This has been the most anxious and interesting election I ever attended. Since we came here last night every hour has produced some change in our prospects ... All parties acting like cautious chess players, in the various conferences. Our numbers in court stand as nearly as possible as follows: Kilcoy 20; Seaforth 18; Sir Francis 15 or 16. The two latter parties have so far agreed to choose [Davidson of] Tulloch praeses against the person proposed by Kilcoy’s friends. We expect too that Sir F’s friends (who seem greatly incensed at Kilcoy) will join us in the vote for Member; but I don’t wish to make you too sanguine, as nothing is given us but what is wrung out, at the last hour, and with a great grudge.31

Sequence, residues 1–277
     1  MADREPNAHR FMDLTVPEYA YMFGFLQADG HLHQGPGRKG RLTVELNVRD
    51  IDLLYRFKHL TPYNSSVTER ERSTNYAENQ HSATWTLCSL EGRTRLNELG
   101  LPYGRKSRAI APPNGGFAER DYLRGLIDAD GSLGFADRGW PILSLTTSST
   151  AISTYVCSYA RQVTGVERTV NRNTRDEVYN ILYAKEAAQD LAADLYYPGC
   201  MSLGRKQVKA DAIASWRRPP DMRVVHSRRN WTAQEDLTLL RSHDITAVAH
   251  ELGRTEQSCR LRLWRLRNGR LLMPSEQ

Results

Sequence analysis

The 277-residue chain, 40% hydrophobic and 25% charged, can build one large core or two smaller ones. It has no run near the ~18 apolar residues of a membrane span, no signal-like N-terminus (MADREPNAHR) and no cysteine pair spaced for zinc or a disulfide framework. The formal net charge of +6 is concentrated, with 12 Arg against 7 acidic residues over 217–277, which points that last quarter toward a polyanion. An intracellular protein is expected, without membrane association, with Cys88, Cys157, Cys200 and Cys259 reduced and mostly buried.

As parliamentary praeses Scatwell called over the roll and 53 freeholders answered. An objection that the writ had not been promulgated in the distant parish of Lochbroom was disregarded. Geanies and Robert Macleod proposed Allangrange as praeses of the election meeting, and Applecross (Gairloch’s friend) and Stewart Mackenzie put up Davidson, who was elected by 29-21. After adjustments, the new roll stood at 75, of whom 58 were present. Applecross announced that Gairloch’s supporters did not intend to nominate him. Stewart Mackenzie was proposed by Innes and John Hay Mackenzie of Newhall, and Kilcoy by Scatwell and Robert Macleod, who portrayed him as the champion of the county’s agricultural and commercial interests. When Rose Ross was called on to vote he denounced all three original candidates as ‘unfit’, on the ground that most of the genuine property owners were against reform, and accused Stewart Mackenzie of being hostile to the interests of Tain and of seeking to delude the people. He ranted at length about the objectionable features of the Scottish reform bill, especially the proposed annexation of Cromartyshire to Ross-shire, and said that the reduction in the number of English Members would place frightening power in the hands of Irish Catholic ones. Yet he opted for Stewart Mackenzie as ‘a bad choice’, warning him to remember that most of his constituents were opposed to reform; Stewart Mackenzie considered Rose Ross’s intervention to have been very influential. Gairloch had left his ‘immediate friends ... perfectly unfettered’, but four of them, including Applecross, voted for Stewart Mackenzie, to give him victory by 28-21, with seven abstainers, including Davidson; two others were debarred. Giving thanks, Stewart Mackenzie argued that ‘timely and effectual reform’ was essential, but conceded the validity of some of Rose Ross’s objections to the Scottish measure and, conceding that he was at odds with many of the freeholders on the issue, promised to see if modifications could be made to the bill without impairing its principle. Kilcoy took defeat well, but attributed it to an ‘unexpected coalition’. Stewart Mackenzie was lionized at Dingwall on his way back to Brahan, but in a written reply to an address exhorting him to support economy and tax reductions he kept his options open. There were celebrations when the news of his return reached Lewis.32 A few days later Gairloch accused Stewart Mackenzie of shabby conduct in securing the decisive votes of his friends and of being a late convert to reform, but Stewart Mackenzie dismissed both charges. His agent warned him that while every effort had been made to economize, the ‘total amount of election expenses will be considerable’, particularly on account of some ‘heavy payments’ to voters enrolled by the efforts of Innes, who were of ‘such a class of freeholders’ as made it desirable that they should ‘never be required to appear again in Ross-shire’.33